Kol Nidrei

7 10 2011

Naaleh.com presents this special post from Rabbi Beinish Ginsburg about the tefilla of Kol Nidrei which is recited at the start of Yom Kippur. Visit Naaleh.com for FREE video and audio classes by Rabbi Ginsburg as well as many other esteemed Torah teachers.

Kol Nidrei is one of the most powerful tefillos of Yom Kippur. What is the significance of Kol Nidrei? On a purely halachic level, it is one form of hataras nedarim, nullification of a vow. Why does this play such a central role as we are about to enter Yom Kippur? There are different approaches in the meforshim to this question. The Rav zt”l developed the following idea[i].

The Rav explained that the central idea behind hataras nedarim is the declaration of remorse, of charata, for having made the vow.

Through the recognition that the original act was in effect a mistake, the vow is nullified retroactively. The Torah provides the authority to change his intention of vow from willful to accidental on the basis of his present understanding rather than on the basis of his state of mind at the time the vow was spoken.

We see that charata is essential to hataras nedarim.

The Rav goes on to explain that this is exactly the idea behind teshuva. The central part of teshuva is charata, we are acknowledging that the sins were done impulsively. I was not thinking when I did the aveirah. If I were thinking clearly at the time, I would not have done the aveirah. The aveirah does not reflect my present value system. This is what we are doing in the process of teshuva. So, when a Jew is hearing and reciting Kol Nidrei, he should be thinking that just like a person has the ability to have full charata to be matir neder, a person also has to have full charata for one’s aveiros and in that way to do teshuva.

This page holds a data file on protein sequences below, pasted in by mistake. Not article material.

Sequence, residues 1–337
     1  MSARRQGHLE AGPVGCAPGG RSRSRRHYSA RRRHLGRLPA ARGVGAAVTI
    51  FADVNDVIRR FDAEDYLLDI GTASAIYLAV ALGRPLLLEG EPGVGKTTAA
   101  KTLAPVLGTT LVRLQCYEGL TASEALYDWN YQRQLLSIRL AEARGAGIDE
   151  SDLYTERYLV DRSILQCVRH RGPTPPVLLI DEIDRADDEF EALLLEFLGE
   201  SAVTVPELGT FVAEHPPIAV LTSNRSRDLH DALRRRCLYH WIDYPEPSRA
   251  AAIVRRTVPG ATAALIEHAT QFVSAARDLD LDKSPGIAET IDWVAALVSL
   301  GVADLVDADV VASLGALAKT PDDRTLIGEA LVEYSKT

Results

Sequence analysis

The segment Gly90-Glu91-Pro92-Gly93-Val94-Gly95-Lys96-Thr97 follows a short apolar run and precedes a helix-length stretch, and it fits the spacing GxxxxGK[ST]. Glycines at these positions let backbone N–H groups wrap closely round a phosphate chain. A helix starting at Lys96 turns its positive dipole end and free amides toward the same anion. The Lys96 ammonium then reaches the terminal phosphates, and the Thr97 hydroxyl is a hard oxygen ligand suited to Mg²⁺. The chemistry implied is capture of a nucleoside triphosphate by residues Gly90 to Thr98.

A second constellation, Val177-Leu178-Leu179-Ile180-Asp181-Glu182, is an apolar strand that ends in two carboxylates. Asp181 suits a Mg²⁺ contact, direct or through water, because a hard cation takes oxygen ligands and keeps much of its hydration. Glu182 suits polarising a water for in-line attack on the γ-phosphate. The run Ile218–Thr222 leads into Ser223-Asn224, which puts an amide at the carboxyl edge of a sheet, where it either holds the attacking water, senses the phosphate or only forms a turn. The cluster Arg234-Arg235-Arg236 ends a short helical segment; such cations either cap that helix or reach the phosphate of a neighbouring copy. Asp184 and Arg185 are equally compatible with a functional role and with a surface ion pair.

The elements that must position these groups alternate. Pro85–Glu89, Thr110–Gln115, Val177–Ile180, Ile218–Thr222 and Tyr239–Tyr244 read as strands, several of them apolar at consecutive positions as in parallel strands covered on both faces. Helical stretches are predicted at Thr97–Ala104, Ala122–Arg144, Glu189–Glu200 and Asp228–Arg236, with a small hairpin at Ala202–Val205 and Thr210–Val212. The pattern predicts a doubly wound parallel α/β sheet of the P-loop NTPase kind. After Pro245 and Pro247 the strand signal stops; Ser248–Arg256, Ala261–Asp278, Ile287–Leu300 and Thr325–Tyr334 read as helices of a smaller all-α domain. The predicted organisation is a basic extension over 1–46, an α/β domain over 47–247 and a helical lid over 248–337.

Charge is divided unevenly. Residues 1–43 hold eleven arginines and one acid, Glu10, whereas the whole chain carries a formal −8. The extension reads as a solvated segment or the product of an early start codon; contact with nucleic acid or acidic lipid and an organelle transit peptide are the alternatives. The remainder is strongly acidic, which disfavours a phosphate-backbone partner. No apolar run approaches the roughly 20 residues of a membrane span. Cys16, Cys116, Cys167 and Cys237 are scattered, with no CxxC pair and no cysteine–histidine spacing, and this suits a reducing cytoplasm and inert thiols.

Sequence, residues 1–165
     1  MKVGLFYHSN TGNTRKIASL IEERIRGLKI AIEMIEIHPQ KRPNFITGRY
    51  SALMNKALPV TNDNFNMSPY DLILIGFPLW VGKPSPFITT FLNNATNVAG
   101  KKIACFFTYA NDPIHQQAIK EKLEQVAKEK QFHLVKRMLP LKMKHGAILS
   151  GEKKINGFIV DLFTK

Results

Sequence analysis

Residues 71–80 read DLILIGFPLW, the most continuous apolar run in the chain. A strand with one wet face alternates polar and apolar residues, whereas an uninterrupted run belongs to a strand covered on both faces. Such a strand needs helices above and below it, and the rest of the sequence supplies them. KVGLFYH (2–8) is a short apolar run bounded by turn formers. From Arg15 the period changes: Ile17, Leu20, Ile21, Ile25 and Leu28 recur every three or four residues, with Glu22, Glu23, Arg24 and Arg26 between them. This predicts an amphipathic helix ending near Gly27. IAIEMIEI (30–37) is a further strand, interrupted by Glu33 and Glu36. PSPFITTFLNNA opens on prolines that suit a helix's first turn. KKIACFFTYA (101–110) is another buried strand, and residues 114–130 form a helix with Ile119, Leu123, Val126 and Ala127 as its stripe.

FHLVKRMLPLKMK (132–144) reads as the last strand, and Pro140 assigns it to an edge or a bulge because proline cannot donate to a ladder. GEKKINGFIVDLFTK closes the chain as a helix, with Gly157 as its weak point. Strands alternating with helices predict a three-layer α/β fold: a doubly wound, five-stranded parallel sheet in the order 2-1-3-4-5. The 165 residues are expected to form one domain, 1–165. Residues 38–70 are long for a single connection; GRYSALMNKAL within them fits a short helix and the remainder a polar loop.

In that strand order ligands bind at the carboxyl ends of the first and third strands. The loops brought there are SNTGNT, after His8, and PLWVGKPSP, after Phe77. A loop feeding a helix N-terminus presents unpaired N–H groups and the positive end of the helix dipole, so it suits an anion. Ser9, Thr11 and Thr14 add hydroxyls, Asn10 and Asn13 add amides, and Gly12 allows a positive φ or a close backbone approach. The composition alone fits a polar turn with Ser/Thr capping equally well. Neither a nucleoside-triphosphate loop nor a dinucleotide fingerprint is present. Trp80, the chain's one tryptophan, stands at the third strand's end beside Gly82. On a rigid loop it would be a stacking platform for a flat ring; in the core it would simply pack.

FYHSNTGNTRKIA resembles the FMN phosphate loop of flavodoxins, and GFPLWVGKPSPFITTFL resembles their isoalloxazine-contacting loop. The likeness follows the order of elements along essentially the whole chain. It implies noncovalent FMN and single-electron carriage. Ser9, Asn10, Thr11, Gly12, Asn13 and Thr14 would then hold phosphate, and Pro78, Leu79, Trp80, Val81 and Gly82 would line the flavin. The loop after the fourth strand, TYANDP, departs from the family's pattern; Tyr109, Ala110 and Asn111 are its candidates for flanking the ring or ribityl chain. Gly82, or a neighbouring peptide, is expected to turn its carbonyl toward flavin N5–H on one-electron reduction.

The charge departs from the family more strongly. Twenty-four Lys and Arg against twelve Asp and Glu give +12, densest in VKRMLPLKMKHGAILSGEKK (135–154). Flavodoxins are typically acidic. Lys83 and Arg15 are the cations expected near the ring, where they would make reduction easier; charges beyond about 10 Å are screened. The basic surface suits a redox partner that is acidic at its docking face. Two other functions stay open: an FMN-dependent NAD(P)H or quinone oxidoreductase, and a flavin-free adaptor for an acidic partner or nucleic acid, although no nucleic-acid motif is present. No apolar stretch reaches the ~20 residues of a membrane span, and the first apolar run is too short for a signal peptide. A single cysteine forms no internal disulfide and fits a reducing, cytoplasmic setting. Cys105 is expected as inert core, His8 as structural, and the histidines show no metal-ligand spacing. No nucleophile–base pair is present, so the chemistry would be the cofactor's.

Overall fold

This is a very powerful message. A Jew has to say to himself- How can I have possibly done that aveirah?! Hashem, I must not have been thinking clearly when I did that aveirah. Hashem, please, I am doing teshuva now. I was not thinking clearly. As the Rav writes, “The way I acted does not represent my present value system. Please accept my teshuva just like the Torah gives the authority of hataras nedarim.” Had I known then what I know now, had I been thinking then like I am thinking now, there is no way I would have even done the aveirah.

This is a beautiful p’shat. Based on this p’shat, Kol Nidrei takes on a broader, more far reaching significance. The words of Kol Nidrei focus on hataras nedarim, but the message of Kol Nidrei focuses on doing teshuva for all of one’s aveiros.

Gmar chasima tova,

B. Ginsburg

 


[i] This can be found in many places of the Rav’s writing. One is ‘Rabbi Soloveitchik on the Days of Awe’ page 73-74, 116-117.

 





Does Hashem Want to Hear From Me?

12 07 2011


Excerpted from Rebbetzin Tziporah Heller’s Question and Answer series on Naaleh.com

Rebbetzin's Perspective I Class #5

Question:

I’ve learned that Hashem gives nisyonot to those who can grow from them and to those whose prayers he longs for. B”H my life is running smoothly. Does this mean that Hashem doesn’t want to hear from me?  I thank Hashem all the time but I also can’t help constantly feeling that something bad may be looming on the horizon. Does this fear stem from a lack of emunah or from an inaccurate view of Hashem as a loving Father or from a low self-esteem not conducive to spiritual growth?

 

Answer:

 

The Rambam tells us that we are all in the midst of a nisayon (test). Even people who are living seemingly easy lives have the test of not attributing anything to themselves. Continue thanking Hashem for all the good He’s provided you with. Give Him the nachat of serving Him with simcha, joy. When you wake up in the morning, say Modeh Ani with passion and real joy. Call out to Hashem with the same kind of force and emotion as a poverty stricken person cries out to Him for his basic needs. Your joy should be infectious. When people would ask Rav Noach Weinberg, “What is the most important kiruv tool,” he’d answer, “Happiness.” You can save countless lives just by teaching people the art of appreciation and thankfulness.